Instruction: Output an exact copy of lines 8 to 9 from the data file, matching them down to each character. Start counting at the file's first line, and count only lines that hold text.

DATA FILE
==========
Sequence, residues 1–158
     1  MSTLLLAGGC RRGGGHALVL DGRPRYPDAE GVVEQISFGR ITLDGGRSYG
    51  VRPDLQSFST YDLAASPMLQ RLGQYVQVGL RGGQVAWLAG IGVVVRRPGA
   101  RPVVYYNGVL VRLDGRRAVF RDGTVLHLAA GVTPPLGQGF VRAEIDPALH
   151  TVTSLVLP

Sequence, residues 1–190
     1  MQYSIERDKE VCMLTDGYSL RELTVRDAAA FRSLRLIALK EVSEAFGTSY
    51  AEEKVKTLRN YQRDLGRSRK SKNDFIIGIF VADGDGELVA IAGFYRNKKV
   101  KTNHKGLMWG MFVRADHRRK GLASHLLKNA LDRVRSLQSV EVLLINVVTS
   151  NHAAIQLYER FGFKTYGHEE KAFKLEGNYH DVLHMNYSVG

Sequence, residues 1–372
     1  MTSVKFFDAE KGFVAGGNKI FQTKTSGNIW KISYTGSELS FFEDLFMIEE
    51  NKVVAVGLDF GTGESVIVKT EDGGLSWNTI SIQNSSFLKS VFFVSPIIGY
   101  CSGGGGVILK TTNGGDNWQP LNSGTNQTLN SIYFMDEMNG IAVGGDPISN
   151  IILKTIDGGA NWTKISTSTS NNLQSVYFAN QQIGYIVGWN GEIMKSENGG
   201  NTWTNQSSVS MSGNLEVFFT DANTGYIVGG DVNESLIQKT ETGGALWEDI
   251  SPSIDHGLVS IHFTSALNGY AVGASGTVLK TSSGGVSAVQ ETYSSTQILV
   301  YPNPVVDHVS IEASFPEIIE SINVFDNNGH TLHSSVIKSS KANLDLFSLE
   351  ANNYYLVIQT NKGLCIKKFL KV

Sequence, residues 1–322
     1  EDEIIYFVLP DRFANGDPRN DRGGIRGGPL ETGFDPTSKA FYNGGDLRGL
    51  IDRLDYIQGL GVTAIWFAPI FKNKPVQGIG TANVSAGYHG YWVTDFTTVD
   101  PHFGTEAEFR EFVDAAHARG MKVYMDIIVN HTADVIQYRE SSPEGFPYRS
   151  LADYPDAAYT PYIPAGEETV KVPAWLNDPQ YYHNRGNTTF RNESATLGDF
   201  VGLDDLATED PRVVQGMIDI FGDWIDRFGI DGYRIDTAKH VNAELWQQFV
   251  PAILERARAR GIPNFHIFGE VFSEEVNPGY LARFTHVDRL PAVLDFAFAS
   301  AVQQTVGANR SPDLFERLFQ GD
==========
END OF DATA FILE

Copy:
    51  AEEKVKTLRN YQRDLGRSRK SKNDFIIGIF VADGDGELVA IAGFYRNKKV
   101  KTNHKGLMWG MFVRADHRRK GLASHLLKNA LDRVRSLQSV EVLLINVVTS